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Major grant for research in molecular biotechnology

20 December 2010

Following multiple selective processes, the Swedish Foundation for Strategic Research has chosen eighteen young researchers to share SEK 180 million over five years. Johan Elf, associate professor of cell and molecular biology at Uppsala University, has received funding for his research in “new technology for intracellular biophysics.”

Johan Elf, at the Department of Cell and Molecular Biology, has been given a grant for his research in “new technology for intracellular biophysics.”

“It feels great,” exclaims Johan Elf. “I’ll continue to work to try to understand how biochemical processes function in cells. It’s about technological development and devising computational and simulation models and microscopy. We’re studying various aspects of the physics inside cells and trying to describe how genes are turned on and off, just when this happens, and why.”

The purpose of the Swedish Foundation for Strategic Research (SSF) is to support research in science, technology, and medicine in Sweden. The Foundation has developed a program, “Future Research Leaders,” to boost young researchers with the potential and ambition to become Sweden’s future leaders in academic or industrial research.

“SSF works to promote the development of strong research environments of international caliber in Sweden. We are therefore happy to be able to provide research grants for the young researchers that have been selected as this year’s candidates,” says Lars Rask, CEO of SSF.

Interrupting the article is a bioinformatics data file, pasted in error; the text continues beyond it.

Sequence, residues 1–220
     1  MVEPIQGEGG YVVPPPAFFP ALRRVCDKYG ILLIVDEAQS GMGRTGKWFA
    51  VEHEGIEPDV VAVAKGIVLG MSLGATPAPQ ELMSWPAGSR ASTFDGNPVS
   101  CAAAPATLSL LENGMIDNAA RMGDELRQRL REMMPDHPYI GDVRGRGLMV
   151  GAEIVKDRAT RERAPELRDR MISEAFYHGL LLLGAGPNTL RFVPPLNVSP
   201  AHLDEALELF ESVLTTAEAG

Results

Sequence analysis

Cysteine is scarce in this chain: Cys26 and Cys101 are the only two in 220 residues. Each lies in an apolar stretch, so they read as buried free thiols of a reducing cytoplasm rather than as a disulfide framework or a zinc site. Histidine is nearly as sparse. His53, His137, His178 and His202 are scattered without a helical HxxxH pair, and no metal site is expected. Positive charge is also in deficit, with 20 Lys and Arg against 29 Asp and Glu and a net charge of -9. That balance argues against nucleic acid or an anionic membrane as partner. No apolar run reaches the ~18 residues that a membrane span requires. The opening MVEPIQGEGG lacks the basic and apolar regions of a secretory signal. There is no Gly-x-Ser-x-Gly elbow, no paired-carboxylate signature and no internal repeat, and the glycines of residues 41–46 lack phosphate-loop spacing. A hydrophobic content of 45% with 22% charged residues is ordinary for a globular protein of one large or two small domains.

The eighteen researchers who have been granted funding from “Future Research Leaders” are also being offered opportunities to participate in leadership training.

“It’s fantastic to be given a chance to take part in such a high-quality leadership training program,” says Johan Elf. “It’ll be exciting!”

Johan Elf also received research funding earlier this year. Last spring he was awarded the Göran Gustafsson Prize – Sweden’s largest national prize for research in natural science from the Royal Swedish Academy of Sciences. He won the prize in molecular biology “for innovative and pioneering studies of interaction between individual proteins and DNA.”